The West Kimberley spans 159,609 square kilometres and includes 127 remote Aboriginal communities. The total estimated population of the 127 communities is 4,200 people, making the West Kimberley the region with the highest number of communities and largest total population.
For the purpose of this report the West Kimberley region consists of 75 remote Aboriginal communities on the Dampier Peninsula, 10 remote Aboriginal communities near the coast south of Broome and communities in and surrounding Broome and Derby townships.
Eight communities in this region have populations of more than 100 permanent residents, including Bidyadanga, which is the largest remote Aboriginal community in Western Australia and has approximately 600 permanent residents. We believe 23 communities in this region do not have permanent residents.
The Fitzroy valley has been excluded from the West Kimberley and has been treated as a sub-region for this report.
Community members in the West Kimberley region emphasised the importance of country and its significance to community life, explaining that remote communities provided a place of healing and are vital to the social and emotional wellbeing of residents. They said that culture was fundamental and as leaders, they have a responsibility to see this cultural knowledge transferred, with aspirations to embed culture in education, tourism and caring for country programs such as ranger groups. Cultural knowledge, artefacts and practices were viewed as a valuable asset for both the Aboriginal community and the broader population, with many raising a desire for activities that enable culture and country to be protected and shared.
Many community members in the region discussed land tenure arrangements and how those arrangements impact on community planning and aspirations. Community members were well informed about land tenure processes, highlighting that inconsistencies and a lack of clarity about options for changes in tenure, along with lengthy processing times, creates a major barrier for economic development. Some leaders expressed frustration that some freehold land is vested in with non-Aboriginal entities, such as the Catholic Church, rather than with traditional owners or with community corporations. Leaders also expressed concern about families investing in housing and infrastructure on communities with no security for those investments, due to the existing tenure.
Community members shared concerns about changes in both housing maintenance contracts and essential and municipal services contracts. Community members told us that the outsourcing of these contracts has impacted on community sustainability, with the removal of earning potential and loss of local jobs. Further, residents said they are not getting value for money, with claims the outside contractors are delivering poor workmanship after communities faced extensive wait times for works to be carried out.
A significant number of residents also advised that they felt unable to raise complaints about service providers for fear that it might affect their level of future service or stop future contracts or employment from being provided to Aboriginal people in the region. Community members suggested that government needs to consider how contracts are reviewed and the repercussions for a client if they are perceived as the source of criticism. Community members also told us they would like to see the contract structure reviewed, with larger communities given the opportunity to coordinate and deliver maintenance contracts for themselves, in partnership with surrounding outstations.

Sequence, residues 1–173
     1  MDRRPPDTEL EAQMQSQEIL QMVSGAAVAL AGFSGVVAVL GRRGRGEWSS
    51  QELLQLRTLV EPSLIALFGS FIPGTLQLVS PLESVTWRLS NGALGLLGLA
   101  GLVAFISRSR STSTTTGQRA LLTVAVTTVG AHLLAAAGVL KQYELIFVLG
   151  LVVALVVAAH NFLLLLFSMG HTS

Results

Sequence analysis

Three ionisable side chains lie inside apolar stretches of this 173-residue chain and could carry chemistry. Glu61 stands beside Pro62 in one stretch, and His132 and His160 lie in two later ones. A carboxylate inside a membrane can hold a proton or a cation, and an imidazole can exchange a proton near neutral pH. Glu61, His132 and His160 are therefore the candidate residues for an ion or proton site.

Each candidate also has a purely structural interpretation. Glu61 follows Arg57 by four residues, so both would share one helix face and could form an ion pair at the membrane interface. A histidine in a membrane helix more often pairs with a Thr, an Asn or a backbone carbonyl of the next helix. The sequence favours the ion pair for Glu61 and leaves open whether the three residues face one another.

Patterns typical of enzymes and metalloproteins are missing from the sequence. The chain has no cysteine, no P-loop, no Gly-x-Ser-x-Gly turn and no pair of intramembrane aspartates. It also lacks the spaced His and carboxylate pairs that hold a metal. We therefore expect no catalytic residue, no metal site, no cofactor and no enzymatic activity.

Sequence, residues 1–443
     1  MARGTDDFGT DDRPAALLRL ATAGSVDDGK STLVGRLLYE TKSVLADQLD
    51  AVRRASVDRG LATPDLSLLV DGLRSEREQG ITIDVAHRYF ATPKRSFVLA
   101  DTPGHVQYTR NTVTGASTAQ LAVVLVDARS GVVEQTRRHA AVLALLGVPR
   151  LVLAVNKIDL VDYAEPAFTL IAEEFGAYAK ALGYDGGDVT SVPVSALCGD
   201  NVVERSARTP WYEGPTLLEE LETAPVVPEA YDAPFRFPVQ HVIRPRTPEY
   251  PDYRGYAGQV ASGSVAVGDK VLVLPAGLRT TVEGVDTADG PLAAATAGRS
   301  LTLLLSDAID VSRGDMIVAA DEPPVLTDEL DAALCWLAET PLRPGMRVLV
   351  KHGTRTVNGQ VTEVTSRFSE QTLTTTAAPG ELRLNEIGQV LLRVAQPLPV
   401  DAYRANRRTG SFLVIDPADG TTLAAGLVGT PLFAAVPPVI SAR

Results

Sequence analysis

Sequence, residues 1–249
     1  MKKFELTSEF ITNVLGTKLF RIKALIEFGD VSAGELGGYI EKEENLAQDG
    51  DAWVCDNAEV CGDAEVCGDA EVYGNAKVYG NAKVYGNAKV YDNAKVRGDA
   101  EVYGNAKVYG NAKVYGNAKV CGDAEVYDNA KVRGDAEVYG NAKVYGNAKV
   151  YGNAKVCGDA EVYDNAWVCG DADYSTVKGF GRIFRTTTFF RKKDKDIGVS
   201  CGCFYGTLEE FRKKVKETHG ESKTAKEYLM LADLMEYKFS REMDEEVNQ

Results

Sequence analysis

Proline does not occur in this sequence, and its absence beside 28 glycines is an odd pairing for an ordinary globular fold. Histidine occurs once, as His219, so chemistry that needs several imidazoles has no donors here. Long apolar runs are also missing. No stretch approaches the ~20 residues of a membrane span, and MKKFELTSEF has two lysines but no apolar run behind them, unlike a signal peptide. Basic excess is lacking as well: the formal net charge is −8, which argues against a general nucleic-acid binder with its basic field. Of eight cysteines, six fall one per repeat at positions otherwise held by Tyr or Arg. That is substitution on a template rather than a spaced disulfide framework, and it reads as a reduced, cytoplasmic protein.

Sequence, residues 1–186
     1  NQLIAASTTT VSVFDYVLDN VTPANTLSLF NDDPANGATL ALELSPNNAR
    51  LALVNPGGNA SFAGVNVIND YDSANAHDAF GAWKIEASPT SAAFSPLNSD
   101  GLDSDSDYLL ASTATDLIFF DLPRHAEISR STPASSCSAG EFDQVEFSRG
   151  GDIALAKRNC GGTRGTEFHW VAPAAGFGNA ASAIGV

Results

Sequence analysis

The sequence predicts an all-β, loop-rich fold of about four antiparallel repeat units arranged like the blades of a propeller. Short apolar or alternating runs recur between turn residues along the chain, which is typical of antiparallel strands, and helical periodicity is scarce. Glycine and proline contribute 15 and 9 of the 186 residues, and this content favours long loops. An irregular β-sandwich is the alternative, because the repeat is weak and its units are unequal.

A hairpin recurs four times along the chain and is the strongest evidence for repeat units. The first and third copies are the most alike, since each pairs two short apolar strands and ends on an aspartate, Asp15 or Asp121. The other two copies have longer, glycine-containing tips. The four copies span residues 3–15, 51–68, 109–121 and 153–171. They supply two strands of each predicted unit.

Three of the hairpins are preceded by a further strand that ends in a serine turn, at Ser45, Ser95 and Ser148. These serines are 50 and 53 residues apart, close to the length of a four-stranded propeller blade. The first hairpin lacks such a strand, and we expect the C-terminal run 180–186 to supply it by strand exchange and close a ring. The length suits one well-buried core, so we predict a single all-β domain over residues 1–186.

Community leaders told us that current child-centred services are failing their young people and that they would like to see more community-driven solutions, focused on empowerment of families. Communities across the region told us of aspirations for family-centred services, with a greater emphasis to prevention rather than treatment.
Community leaders acknowledged the low number of Aboriginal students graduating high school and stressed that their children are not being equipped to succeed. A common concern was that many parents feel disempowered and unable to exert parental authority or set appropriate boundaries and discipline for children, meaning they felt unable to address non-attendance. In more remote communities, residents said that the condition of local roads (particularly in the wet season) made it difficult to always get kids to school.
Community members also told us that many children heading away to boarding school for high school did not have sufficient academic preparation, leading them to have to repeat a year of high school or drop out of the boarding school. The key to educational success was commonly attributed to a strong family and community connection to the school, particularly with the principal (both inside and outside the school gate).
Community leaders from the Dampier Peninsula were keen to discuss the potential opportunities that the proposed sealing of the Broome - Cape Leveque road would bring with it. They told us that improved access would support service delivery and increase economic opportunities. However, they want to make sure that government understood that the project planning and implementation needed to be done in partnership with Aboriginal people. Community leaders explained they had an obligation to country to ensure that social, cultural and environmental impacts were minimised. They also said that more work was required to translate the road sealing into broader job and economic opportunities for local residents and communities.
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